The federal government took two major steps today—one congressional and one regulatory—to protect wild animals from cruelty and abuse. It’s an example of how both the legislative and executive branches of government have a meaningful role to play when it comes to animal welfare and conservation.
First, after about 40 minutes of debate yesterday afternoon, the House of Representatives today passed H.R. 80, the Captive Primate Safety Act, by a vote of 323 to 95. Introduced by Reps. Earl Blumenauer (D-Ore.) and Mark Kirk (R-Ill.), the bill seeks to ban the interstate commerce in primates for the exotic pet trade. The need for this reform became even more urgent and apparent last week when a pet chimpanzee named Travis critically mauled and disfigured a woman in Stamford, Conn., and the bill was moved to the House floor quickly thanks to the work of Natural Resources Committee Chairman Nick Rahall (D-W.Va.) and Insular Affairs, Oceans and Wildlife Subcommittee Chairwoman Madeleine Bordallo (D-Guam).
The Stamford attack was hardly unique, as there are 15,000 captive primates in the U.S., and these wild animals—some of whom have the strength of several adult men—can bite, scratch, and spread diseases. Just because irresponsible people bring them into their homes, doesn’t mean they should be allowed to place the rest of the community at risk. It’s shocking that several dozen lawmakers would vote against a common-sense public safety measure, since there’s no organized opposition like the NRA or agribusiness—just a few unscrupulous dealers and brokers who sell dangerous primates over the Internet and at auctions to misguided people who want to believe a chimpanzee in a tutu is a hairy child.
Some obstructionist lawmakers did oppose it, however, and Reps. Rob Bishop (R-Utah) and Paul Broun (R-Ga.) even mocked the issue on the House floor. It’s the job of the states, they say, not the federal government, to worry about the safety of citizens and protecting people from “monkey bites.” Chairwoman Bordallo argued in favor of the bill, pointing out that Travis was sold from Missouri to Connecticut and only the federal government can regulate interstate commerce. Rep. Blumenauer forcefully challenged the critics, telling them, “I would respectfully note that having your face ripped off is not the same as an animal bite. We are dealing with animals that have the potential of inflicting serious damage and death.”
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Thanks to the House leadership and all the Democratic and Republican lawmakers who voted for the Captive Primate Safety Act, this important policy reform is one step closer to passage. It now goes to the Senate, where Environment and Public Works Committee Chairwoman Barbara Boxer (D-Calif.) and Sen. David Vitter (R-La.) are leading the effort to get it over the finish line and sent to President Obama’s desk.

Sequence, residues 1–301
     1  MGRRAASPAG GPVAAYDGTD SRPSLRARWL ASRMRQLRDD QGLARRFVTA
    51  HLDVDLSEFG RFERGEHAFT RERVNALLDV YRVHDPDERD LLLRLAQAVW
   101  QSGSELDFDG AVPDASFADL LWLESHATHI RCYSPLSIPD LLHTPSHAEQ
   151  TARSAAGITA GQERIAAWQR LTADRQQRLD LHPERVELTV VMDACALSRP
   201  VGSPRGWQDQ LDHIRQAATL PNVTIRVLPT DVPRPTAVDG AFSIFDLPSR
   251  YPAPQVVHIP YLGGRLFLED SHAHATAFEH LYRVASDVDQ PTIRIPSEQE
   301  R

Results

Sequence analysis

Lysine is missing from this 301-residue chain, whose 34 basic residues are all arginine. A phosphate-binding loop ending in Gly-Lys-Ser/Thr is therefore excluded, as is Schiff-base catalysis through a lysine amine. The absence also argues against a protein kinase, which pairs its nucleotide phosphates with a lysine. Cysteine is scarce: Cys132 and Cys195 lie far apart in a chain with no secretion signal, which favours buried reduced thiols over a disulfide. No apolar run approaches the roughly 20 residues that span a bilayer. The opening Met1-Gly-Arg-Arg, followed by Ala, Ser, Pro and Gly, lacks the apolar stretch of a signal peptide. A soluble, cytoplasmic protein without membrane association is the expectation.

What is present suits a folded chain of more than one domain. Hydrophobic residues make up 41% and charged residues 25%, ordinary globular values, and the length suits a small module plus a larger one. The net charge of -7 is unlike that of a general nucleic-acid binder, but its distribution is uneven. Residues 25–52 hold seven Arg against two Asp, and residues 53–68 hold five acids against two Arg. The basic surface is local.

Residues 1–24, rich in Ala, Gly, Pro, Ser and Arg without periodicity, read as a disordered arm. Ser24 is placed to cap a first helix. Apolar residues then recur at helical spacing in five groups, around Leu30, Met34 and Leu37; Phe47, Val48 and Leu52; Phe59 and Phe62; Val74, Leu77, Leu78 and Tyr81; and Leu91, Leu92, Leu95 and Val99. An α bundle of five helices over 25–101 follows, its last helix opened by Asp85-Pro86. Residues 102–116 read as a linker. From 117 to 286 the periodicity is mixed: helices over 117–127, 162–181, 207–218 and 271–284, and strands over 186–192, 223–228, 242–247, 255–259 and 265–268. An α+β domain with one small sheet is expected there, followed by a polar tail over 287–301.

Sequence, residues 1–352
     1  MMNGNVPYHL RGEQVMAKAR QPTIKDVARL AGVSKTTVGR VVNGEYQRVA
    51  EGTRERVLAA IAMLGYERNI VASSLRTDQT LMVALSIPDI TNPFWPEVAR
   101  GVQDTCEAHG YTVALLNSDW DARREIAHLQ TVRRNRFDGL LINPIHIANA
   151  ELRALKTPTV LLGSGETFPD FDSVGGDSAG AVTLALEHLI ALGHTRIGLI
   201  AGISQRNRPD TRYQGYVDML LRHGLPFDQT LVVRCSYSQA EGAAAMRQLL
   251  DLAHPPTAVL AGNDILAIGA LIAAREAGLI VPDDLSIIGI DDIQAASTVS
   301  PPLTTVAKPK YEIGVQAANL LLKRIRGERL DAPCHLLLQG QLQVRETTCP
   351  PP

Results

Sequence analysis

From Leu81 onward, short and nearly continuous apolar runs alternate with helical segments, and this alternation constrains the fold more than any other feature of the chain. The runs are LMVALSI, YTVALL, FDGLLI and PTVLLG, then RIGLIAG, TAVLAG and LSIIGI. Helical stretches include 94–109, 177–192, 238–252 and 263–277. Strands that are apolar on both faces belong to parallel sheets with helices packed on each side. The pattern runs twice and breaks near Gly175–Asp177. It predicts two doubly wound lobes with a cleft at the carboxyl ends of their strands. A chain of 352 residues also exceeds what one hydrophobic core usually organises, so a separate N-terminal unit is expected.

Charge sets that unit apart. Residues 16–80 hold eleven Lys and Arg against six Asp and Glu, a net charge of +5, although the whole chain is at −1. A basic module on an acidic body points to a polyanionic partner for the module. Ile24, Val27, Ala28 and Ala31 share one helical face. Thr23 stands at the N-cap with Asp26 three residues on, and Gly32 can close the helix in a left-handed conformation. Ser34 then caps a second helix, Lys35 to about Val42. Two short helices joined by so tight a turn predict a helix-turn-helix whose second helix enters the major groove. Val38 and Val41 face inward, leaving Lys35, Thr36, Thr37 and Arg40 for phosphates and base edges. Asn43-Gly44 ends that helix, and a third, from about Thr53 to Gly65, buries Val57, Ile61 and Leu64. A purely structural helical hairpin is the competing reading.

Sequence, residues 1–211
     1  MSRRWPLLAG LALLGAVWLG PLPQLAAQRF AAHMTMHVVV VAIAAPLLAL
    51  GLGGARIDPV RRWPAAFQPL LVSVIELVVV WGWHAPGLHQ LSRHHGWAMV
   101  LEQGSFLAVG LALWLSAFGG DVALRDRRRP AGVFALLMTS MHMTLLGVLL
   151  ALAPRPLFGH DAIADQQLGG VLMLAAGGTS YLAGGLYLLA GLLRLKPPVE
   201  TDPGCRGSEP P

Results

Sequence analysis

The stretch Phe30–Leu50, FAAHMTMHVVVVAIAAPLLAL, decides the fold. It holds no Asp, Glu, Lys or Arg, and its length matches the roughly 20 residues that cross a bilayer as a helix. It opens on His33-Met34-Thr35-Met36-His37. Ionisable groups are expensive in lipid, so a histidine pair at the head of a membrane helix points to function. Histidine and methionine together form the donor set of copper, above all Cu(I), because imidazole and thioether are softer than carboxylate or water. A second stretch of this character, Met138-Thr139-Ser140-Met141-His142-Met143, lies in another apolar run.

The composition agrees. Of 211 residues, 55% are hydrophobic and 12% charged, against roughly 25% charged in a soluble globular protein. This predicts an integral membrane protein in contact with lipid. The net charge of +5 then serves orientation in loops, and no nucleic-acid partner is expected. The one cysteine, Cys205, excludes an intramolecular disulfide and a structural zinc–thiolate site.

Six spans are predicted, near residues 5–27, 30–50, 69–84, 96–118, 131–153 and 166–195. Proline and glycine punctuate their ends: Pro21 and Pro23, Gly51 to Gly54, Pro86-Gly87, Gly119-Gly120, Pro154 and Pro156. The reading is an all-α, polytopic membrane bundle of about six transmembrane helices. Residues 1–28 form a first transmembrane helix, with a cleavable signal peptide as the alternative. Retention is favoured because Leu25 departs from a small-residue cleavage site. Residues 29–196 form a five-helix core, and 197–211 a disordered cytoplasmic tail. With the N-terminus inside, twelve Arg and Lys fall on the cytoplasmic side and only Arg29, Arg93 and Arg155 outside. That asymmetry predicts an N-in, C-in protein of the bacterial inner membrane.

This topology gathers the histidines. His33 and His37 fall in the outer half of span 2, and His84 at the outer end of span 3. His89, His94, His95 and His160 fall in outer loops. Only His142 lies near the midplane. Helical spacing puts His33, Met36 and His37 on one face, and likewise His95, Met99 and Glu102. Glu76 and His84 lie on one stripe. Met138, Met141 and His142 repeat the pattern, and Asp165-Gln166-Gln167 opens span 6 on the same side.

When Congress passed the Marine Mammal Protection Act in 1972, it barred the import of parts from whales, dolphins, seals, polar bears, and other marine mammals, and also prohibited the sport hunting of polar bears—the Alaskan population—within our own borders. The Safari Club International, however, along with former Reps. Richard Pombo (R-Calif.) and Jack Fields (R-Tex.), punched a loophole right through the law in 1994, and allowed trophy hunters to start bringing home the spoils from their high-priced commercial polar bear hunts in Canada—allowing nearly 1,000 polar bears to be killed to adorn American trophy hunters’ collections over the last 15 years.
It’s been a priority for HSUS and HSLF to close this loophole and restore the polar bear import ban, and during the last Congress, the Senate approved an amendment to the Interior Appropriations bill—led by Sen. Jack Reed (D-R.I.)—to stop the imports of polar bear trophies. The House rejected a similar amendment by Reps. Jay Inslee (D-Wash.) and Frank LoBiondo (R-N.J.), and then the language was dropped from the final spending bill. But when the Department of Interior listed the polar bear as a threatened species last year, that action closed the door to trophy imports, essentially a de facto restoration of the ban that had been in place for two decades.
In trying to skirt the new rules and apply for import permits, a group of trophy hunters argued—with a straight face, mind you—that shooting polar bears would help save the species. Several of these applicants are listed in Safari Club International’s “Record Book of Trophy Animals”—a grisly chronicle of their bloodlust to shoot the largest and rarest animals around the world. One man alone has at least 195 animals listed, including rare, endangered, and exotic species, such as an African elephant, an African lion, a critically endangered Père David’s deer, an endangered yak, and a scimitar-horned oryx, listed as extinct in the wild. At least 40 of the animals were shot on captive hunting ranches. The Safari Club offers a special “Bears of the World” award that requires a hunter to kill at least five different bear species around the globe, and these gentlemen may have been hoping to get one of the last polar bears before they run out.
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Allowing the shooting of scimitar-horned oryx at captive hunting ranches isn't saving that species, and shooting polar bears won’t help those animals either. We’re grateful to the Obama Administration for rejecting the Orwellian argument that we can only save rare and declining polar bear populations by shooting them, which would have been a potentially disastrous misinterpretation of the Endangered Species Act. The lawmakers and law implementers both did their jobs well today, and their actions will have a lasting impact for polar bears, primates, and public safety.
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